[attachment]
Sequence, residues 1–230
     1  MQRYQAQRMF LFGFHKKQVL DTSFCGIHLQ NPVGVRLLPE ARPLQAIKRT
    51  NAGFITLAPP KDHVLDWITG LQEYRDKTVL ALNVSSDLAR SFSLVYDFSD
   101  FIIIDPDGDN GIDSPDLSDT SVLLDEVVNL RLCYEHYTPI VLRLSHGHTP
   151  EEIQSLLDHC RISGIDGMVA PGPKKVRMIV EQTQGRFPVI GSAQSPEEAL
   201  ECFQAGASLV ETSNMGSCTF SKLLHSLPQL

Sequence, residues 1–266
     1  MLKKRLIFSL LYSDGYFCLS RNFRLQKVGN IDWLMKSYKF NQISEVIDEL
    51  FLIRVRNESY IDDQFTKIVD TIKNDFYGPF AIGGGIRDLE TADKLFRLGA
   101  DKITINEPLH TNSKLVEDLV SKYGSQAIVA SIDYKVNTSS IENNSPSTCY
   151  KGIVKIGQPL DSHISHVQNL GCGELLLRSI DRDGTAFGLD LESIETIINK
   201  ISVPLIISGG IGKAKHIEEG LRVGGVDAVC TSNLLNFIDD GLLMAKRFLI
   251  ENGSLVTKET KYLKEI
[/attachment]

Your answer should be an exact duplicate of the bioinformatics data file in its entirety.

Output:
Sequence, residues 1–230
     1  MQRYQAQRMF LFGFHKKQVL DTSFCGIHLQ NPVGVRLLPE ARPLQAIKRT
    51  NAGFITLAPP KDHVLDWITG LQEYRDKTVL ALNVSSDLAR SFSLVYDFSD
   101  FIIIDPDGDN GIDSPDLSDT SVLLDEVVNL RLCYEHYTPI VLRLSHGHTP
   151  EEIQSLLDHC RISGIDGMVA PGPKKVRMIV EQTQGRFPVI GSAQSPEEAL
   201  ECFQAGASLV ETSNMGSCTF SKLLHSLPQL

Sequence, residues 1–266
     1  MLKKRLIFSL LYSDGYFCLS RNFRLQKVGN IDWLMKSYKF NQISEVIDEL
    51  FLIRVRNESY IDDQFTKIVD TIKNDFYGPF AIGGGIRDLE TADKLFRLGA
   101  DKITINEPLH TNSKLVEDLV SKYGSQAIVA SIDYKVNTSS IENNSPSTCY
   151  KGIVKIGQPL DSHISHVQNL GCGELLLRSI DRDGTAFGLD LESIETIINK
   201  ISVPLIISGG IGKAKHIEEG LRVGGVDAVC TSNLLNFIDD GLLMAKRFLI
   251  ENGSLVTKET KYLKEI